Fantastic gargoyle fountains. Planters of sculpted heads. Statues of lissome youths. Red ginger offset by lush greenery.
These are just some of the first impressions of “Bawa: The Sri Lanka Gardens” (Thames & Hudson, June 6, $39.95, 176 pages), which explores two complementary tropical gardens on either side of the Bentota River on the island of Sri Lanka, off the southeast coast of India.
With a text by David Robson and photographs by Dominic Sansoni, “Bawa” is really the story of two brothers, 10 years apart in birth and a world apart in sensibility.
The sons of a successful Moorish lawyer, Benjamin Bawa, and his Burgher wife, the former Bertha Schrader, Bevis and Geoffrey Bawa grew up in privilege in a verdant suburb of the capital city of Colombo during the last days of the British Empire. Bevis, the elder (1909-92), was something of a soldier of fortune, serving as equerry to five British governors while Bertha urged him toward a career as a planter. His wide-ranging interests meant that Brief, his rubber plantation in southwestern Sri Lanka, became neglected and diminished over time. But as the estate shrunk to a bungalow, the surrounding gardens became more fantastic, attracting the likes of Lawrence Olivier and his wife, Vivien Leigh, fellow actor Peter Finch and artist Donald Friend, who did the fabulous trompe l’oeil doors, colorful murals and (with Bevis) serenely sensuous urns on the property, among other objets d’art.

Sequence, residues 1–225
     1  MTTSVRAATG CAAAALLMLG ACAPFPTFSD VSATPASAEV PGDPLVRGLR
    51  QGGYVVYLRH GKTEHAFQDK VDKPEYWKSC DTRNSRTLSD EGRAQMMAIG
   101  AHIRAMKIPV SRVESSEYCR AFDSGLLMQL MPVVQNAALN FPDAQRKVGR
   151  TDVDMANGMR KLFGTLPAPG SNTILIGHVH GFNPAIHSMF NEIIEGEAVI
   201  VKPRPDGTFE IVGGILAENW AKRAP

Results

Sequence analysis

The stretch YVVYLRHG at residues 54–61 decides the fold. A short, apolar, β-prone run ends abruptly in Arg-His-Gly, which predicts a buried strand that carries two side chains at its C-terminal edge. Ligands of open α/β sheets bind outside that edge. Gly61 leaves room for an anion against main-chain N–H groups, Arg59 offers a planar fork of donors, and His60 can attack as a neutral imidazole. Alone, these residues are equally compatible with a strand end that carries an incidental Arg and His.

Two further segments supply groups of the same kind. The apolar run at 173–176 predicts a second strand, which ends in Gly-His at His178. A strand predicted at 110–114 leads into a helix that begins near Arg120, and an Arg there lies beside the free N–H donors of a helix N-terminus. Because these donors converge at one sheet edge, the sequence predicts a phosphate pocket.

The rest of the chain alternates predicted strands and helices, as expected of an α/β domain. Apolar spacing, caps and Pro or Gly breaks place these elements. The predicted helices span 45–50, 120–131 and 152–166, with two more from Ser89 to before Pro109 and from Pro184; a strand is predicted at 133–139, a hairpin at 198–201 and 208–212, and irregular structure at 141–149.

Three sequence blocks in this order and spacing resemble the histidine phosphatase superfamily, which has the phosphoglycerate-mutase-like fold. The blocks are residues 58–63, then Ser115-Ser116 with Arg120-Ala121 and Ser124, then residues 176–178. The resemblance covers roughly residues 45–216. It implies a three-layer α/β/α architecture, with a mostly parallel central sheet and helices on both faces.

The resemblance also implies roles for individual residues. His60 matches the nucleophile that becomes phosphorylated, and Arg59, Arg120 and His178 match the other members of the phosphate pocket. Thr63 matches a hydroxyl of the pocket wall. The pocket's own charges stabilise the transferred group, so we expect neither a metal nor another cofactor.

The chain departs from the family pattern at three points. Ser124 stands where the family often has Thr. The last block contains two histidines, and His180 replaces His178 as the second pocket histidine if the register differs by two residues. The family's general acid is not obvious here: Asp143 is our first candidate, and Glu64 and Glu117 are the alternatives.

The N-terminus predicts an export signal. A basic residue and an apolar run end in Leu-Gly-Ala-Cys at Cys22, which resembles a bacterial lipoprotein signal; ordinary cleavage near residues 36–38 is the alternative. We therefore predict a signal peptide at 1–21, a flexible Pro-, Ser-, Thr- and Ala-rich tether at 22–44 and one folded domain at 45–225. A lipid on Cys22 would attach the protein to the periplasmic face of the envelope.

The more studious of the two, Geoffrey (1919-2003) was sent off to England to become a reluctant lawyer. But when he returned in 1948 and saw what his brother had done at Brief, he determined to outdo him, purchasing an abandoned estate, Lunuganga, on the far side of the Bentota River from Brief. That purchase and the transformation of Lunuganga’s landscape spurred Geoffrey to return to England to become an architect. England in turn influenced the look of Lunuganga, which is grand and formal where Brief is intimate and casual.
“He had very happy memories of his time at Cambridge and of staying with friends in the country,” Robson writes. “It was through them that he came to appreciate the subtleties of the garden planning of William Kent and his contemporaries.”
Robson continues: “But Lunuganga also speaks to that long tradition of Sri Lankan garden — and landscape-making… the bizarre boulder gardens of the first Buddhist ascetics; the rolling park landscapes of the Anuradhapura monasteries; the pleasure gardens of the Sinhalese kings; the mysterious retreats of the forest hermits; the vivid green mosaics of rice paddy; the lines of leaning rubber trees and gently swaying coconut palms; the neatly hedged lawns of the estate-bungalow gardens.”
These pleasures and more await those who visit the Bawa gardens — or read this evocative book.
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